Microsoft won't have all the pieces in place for its Windows Update for Business (WUB), a new service touted in May that's designed to ease corporate concerns about Windows 10's maintenance model, until sometime in 2016, according to a company manager.
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"Some of it will be available now, some of it will be delivered in subsequent releases. So it's definitely a work in progress," said Michael Niehaus, a senior product marketing manager, in one of several videos shown last week in a series on the firm's virtual academy website.
Niehaus was talking about Windows Update for Business, or WUB, a service Microsoft announced nearly four months ago. WUB, an offshoot of Windows Update, the consumer-grade service that has been central to Windows' 20-year-old update model, was pitched then as a way for companies to manage the perpetual refreshes of Windows 10.
The reference to several releases -- when Windows 10 will be updated every four to six months, according to Niehaus -- would push a completed WUB deep into next year.
When Terry Myerson, then the head of Windows, broached the subject of WUB in May, he painted the service only with the broadest strokes, saying that it would be available free of charge to owners of Windows 10 Pro and Windows 10 Enterprise. But he omitted details about its inner workings or its availability timeline.
Niehaus filled in some of the blanks, or better put, confirmed what another Microsoft marketing manager said in an April 30 webinar for the Redmond, Wash. firm's partners. That manager, Helen Harmetz, had spelled out the basic tenets of WUB; how it is linked to the "Current Branch for Business" (CBB), the update track Microsoft wants to see most corporate Windows 10 devices adopt; and what penalties would be levied on organizations that didn't keep their machines' operating system up to date.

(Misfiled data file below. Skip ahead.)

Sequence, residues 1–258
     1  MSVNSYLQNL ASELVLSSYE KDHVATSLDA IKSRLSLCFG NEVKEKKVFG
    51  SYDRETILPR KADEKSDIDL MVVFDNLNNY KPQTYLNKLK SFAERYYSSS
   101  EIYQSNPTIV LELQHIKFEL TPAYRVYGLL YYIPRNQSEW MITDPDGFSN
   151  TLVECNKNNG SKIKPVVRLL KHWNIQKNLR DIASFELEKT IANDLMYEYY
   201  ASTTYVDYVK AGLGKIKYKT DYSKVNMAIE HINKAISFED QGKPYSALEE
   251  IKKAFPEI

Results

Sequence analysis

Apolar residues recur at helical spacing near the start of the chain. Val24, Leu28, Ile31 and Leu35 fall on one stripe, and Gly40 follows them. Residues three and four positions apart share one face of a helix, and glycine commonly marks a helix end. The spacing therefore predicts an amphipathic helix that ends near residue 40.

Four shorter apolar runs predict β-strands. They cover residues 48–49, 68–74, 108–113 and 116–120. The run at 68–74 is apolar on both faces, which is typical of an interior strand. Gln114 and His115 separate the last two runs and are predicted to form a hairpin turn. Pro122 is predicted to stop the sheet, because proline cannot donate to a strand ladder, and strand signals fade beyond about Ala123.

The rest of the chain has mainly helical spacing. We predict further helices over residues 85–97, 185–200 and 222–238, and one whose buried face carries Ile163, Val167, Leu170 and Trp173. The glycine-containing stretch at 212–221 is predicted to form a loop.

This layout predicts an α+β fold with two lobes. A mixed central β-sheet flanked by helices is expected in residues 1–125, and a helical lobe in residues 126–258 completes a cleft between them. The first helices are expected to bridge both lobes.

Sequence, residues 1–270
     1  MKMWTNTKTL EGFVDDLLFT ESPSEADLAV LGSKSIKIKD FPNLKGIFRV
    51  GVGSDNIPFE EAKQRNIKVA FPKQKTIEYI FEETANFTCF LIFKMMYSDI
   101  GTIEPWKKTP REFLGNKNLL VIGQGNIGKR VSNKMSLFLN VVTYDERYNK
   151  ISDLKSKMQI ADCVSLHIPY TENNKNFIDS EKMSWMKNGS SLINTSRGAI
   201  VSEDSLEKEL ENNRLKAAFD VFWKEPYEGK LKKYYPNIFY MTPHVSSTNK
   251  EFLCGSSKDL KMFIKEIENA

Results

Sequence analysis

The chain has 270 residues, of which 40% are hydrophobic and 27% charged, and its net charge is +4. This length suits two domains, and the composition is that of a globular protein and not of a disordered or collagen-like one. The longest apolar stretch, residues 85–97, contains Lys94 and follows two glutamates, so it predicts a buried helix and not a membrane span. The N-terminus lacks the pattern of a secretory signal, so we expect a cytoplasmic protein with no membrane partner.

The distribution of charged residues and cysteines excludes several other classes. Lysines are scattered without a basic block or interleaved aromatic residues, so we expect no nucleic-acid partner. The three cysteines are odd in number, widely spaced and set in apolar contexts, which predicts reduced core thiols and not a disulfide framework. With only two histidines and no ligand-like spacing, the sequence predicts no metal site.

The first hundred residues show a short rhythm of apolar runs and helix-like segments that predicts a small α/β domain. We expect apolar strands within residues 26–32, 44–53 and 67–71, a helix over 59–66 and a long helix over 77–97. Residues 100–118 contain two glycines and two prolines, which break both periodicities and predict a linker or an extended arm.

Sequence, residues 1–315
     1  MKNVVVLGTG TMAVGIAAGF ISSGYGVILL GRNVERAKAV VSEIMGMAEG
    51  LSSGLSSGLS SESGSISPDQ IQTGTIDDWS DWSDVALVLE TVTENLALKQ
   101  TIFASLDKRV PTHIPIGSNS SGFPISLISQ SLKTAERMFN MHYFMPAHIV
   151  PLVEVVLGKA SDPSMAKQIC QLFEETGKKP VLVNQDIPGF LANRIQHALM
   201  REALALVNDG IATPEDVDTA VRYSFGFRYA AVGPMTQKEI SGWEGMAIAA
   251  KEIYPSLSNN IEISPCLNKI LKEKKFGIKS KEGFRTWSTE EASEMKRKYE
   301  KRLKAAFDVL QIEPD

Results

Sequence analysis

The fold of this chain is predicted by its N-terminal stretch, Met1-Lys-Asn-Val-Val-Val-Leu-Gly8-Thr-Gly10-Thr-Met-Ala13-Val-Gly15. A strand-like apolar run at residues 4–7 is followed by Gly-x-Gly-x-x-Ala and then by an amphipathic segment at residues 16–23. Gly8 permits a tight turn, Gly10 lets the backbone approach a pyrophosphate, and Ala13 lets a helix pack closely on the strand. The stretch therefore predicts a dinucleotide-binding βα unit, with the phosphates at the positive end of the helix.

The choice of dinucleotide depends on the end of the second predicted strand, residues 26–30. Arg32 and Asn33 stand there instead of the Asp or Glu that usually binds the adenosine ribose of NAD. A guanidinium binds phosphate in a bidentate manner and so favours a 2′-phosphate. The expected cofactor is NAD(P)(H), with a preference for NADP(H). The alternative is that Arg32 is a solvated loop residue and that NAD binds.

Harmetz's comments are the first to go public that define the delays built into the CBB and available only to that branch: Four months after a feature-and-functionality update reaches consumers on the Current Branch (CB), systems on the CBB will start receiving the same update. The delay, said Microsoft, gives it a huge pool of testers that will theoretically uncover bugs, allowing the company time to correct them before delivering changes to the crucial business audience.
The four-month delay of the CBB can be enabled by checking the "Defer upgrades" box in the advanced section of Windows 10 Pro's or Windows 10 Enterprise's Windows Update settings. "You check that box and you instantly get a four-month delay," said Niehaus. IT administrators can also use Group Policy templates to remotely enable CBB on large numbers of PCs.
For longer postponements, customer IT staffs must use something other than WUB to process upgrades and updates, specifically Windows Server Update Services (WSUS), Microsoft's System Center Configuration Manager (dubbed "Config Manager"), or a third-party patching product. Harmetz made that clear in April, but in last week's video, Niehaus only said -- several times -- that customers on the CBB will be able to delay an update/upgrade for up to 12 months.